The Difficulty of Studying
Queerness Scientifically

Queerness is a phenomenon that's notoriously difficult to define—many people spend years debating over how to define their own sexual preference, and it's common for people of all ages to change their minds and redefine their sexual preferences in different ways. But in order for the "gay gene" research to mean anything at all, we have to presume that the people whose brains, chromosomes, and various body parts are being studied have been correctly catgorized under their "true" sexual preference. Since practically all of us who have ever considered ourselves queer have also at one time in our lives considered ourselves hetero, it should be obvious that if queerness is really something lifelong and unchangeable, then there will inevitably be a significant number of miscategorizations that will seriously undermine the "gay gene" researchers' ability to collect accurate information. Different researchers have tried several different methods of categorizing people's sexual preferences, so the definition of sexual preference can vary widely from one study to the next. But the most common method of categorization is to simply ask people whether they currently think they're queer or not. In other words, these biologists haven't been looking for biological differences between people who feel same-sex attraction and those who don't—they've only been looking for biological differences between people who define themselves as "queer" and those who don't. Queer writer Darrell Yates Rist comments on the inadequacy of this method:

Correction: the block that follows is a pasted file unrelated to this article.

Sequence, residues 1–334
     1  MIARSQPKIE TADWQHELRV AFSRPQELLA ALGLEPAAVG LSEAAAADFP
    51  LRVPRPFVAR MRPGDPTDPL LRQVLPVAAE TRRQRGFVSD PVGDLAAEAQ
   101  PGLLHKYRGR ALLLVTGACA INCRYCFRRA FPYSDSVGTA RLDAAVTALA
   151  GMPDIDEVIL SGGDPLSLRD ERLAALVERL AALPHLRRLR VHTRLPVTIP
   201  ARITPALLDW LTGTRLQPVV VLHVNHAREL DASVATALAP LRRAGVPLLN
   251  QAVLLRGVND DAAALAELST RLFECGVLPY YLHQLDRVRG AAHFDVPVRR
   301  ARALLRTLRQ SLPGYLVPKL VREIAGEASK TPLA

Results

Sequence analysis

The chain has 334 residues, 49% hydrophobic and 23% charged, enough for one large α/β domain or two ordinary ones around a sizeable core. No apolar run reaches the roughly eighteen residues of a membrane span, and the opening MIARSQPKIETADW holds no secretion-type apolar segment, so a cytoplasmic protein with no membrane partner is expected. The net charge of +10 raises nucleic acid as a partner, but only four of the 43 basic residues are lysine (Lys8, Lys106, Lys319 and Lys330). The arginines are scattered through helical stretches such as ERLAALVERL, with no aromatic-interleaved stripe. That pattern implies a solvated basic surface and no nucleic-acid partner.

What criteria, other than self-identification, could LeVay possibly have relied on to categorize his cadavers? How did he account for the frequent dissonance between sexual self-definitions and what men actually want and do? In the best of circumstances, how would he measure degrees of desire and draw the inexorable line between gay and straight? Does he actually believe that most American men (including his study's presumed heterosexuals) will confess to homoerotic urges? Or that self-defined gay men, by nature, experience no heterosexual longing?
—Darrell Yates Rist, "Are homosexuals born that way?" from Homosexuality: Debating the Issues, edited by Richard M. Baird and M. Katherine Baird, 1995, p.75

Actually, although the vast majority of "gay gene" researchers do categorize people's sexual preferences based on their own self-definitions, Simon LeVay himself used a somewhat different method and didn't even ask about many of his cadavers' sexual self-identifications. He collected one group of cadavers of men who had self-identified as "gay" and who had died of AIDS (and later, when his evidence was challenged, the brain of another man who had self-identified as "gay" but who had died of other causes), and another group of cadavers of men who were known to be intravenous drug users and had also died of AIDS (these men he glibly presumed were heterosexual), and a third group of cadavers of men who had died of miscellaneous other causes (these men he again glibly presumed were heterosexual, despite the fact that he actually knew nothing at all about how they had defined themselves or who they'd had sex with).

For more information, see also:

"Sexual Orientation: Binaries and Definition Problems" by Pierre Tremblay and Richard Ramsay, Faculty of Social Work, University of Calgary, from their collaborative work The Social Construction of Male Homosexuality and Related Suicide Problems: Research Proposals for the Twenty-First Century, 2000.

"How Do You Define 'Sexual Orientation'?" by Randall L. Sell, excerpted from his article "Defining and Measuring Sexual Orientation: A Review," Vol. 26 No. 6 Archives of Sexual Behavior, December 1997, pp. 643-658.

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